Baroness Thornton, Labour’s Shadow Equalities Minister in the Lords writes for PinkNews.co.uk on why she is confident that the Marriage (Same Sex Couples) Bill will survive attempts to defeat it by opponents in the Upper House.

Those in the national media who insist on telling us that the same-sex marriage bill is due for trouble in the Lords are either engaged in one of three things: wishful thinking, whistling in the dark or tilting at windmills. Some in fact are probably doing all three, with their fingers and toes crossed for good measure. The reality however, will be a wake-up call for their assumptions about peers’ attitudes to lesbian, gay and bisexual relationships.

Yes, some opposition speeches will be vociferous, and yes some will be a little bizarre. But we also know the votes to support this bill are there, in good numbers.

After last month’s resounding endorsement of the bill by the Commons, today sees the action start properly in the Lords, with a two-day second reading debate that will involve more than 90 speeches. At its climax, tomorrow evening, there will be a vote on a motion aimed at killing off the bill, tabled by Lord Dear. Having ignored warnings from Labour peers and others about the risks of allowing this to take place in the early hours, the government’s business managers finally saw sense last week to help ensure the vote takes place in a more reasonably timed slot.

So, why the confidence that we will defeat this ‘fatal’ motion?

Well, for some time now, I’ve been greatly encouraged by the groups of backbench peers who passionately support the bill organising themselves so well across the House, to win the arguments as well as crucial votes. As well as a brilliantly organised operation among Labour Lords – led by Waheed Alli – the Conservative, Liberal Democrat and crossbench groups all have their cadres, working hard to keep their colleagues informed and ready for the challenge ahead.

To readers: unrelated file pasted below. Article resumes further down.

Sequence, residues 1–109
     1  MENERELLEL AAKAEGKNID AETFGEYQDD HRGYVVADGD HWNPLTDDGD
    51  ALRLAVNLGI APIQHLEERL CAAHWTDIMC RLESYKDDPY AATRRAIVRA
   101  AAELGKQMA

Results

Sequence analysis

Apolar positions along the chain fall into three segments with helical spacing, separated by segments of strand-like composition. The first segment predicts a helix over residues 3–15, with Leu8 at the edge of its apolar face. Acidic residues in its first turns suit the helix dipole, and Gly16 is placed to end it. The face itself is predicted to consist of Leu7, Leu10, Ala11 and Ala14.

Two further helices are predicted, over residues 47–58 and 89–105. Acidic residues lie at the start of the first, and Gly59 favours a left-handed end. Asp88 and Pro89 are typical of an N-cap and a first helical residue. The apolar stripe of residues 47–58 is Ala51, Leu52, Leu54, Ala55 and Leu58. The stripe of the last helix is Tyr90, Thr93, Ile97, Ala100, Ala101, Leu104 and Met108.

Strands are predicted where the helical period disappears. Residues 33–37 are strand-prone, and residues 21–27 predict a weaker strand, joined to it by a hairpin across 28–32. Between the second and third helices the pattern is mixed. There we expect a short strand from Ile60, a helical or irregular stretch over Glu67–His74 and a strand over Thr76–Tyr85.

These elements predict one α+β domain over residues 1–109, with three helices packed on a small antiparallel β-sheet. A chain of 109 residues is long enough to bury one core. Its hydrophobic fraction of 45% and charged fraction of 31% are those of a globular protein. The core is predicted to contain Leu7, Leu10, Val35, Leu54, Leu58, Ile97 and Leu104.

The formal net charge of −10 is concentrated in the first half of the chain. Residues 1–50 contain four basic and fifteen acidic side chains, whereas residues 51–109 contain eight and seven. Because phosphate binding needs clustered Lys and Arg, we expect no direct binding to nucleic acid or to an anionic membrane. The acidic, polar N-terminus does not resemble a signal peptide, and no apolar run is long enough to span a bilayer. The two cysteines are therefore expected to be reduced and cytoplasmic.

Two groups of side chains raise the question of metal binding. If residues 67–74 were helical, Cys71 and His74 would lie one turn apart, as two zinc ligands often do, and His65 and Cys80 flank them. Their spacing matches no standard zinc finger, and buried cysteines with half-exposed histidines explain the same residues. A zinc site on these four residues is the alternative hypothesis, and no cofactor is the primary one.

While same-sex marriage may be the final piece of the legislative jigsaw (completing the extensive work of the last Labour government), the journey towards equality will not end with this bill. Along with many other parliamentarians in our party, I want to continue pushing back boundaries for the LGBT community.

The available evidence suggests LGBT people are at higher risk than heterosexuals of suicidal feelings, self-harm, drug or alcohol misuse and mental health problems, such as depression and anxiety. This is, quite simply, unacceptable.

95% of secondary school teachers have reported hearing anti-gay language in their school. Nine in ten young people have been the victim of homophobic bullying, regardless of their sexual orientation. This is a huge worry and it is high-time that we shone a light on this serious problem.

Of course, the passage of this bill will be a key tool in driving attitudinal change. Not just ensuring legal equality in the eyes of the state, but encouraging society to celebrate the identity, the relationships, the commitment and the love that LGBT people share. Anything less than treating all people and communities as equals risks adding fuel to underlying issues, like the bullying that often leads to low self-esteem amongst too many of our young people.

This must be our next focus. This is where the new frontier for LGBT equality lies. And we must approach it with the same determination and drive as each of the challenges that have come before.

Baroness Thornton is Labour’s Shadow Equalities Minister in the House of Lords

Follow her on Twitter @GlenysThornton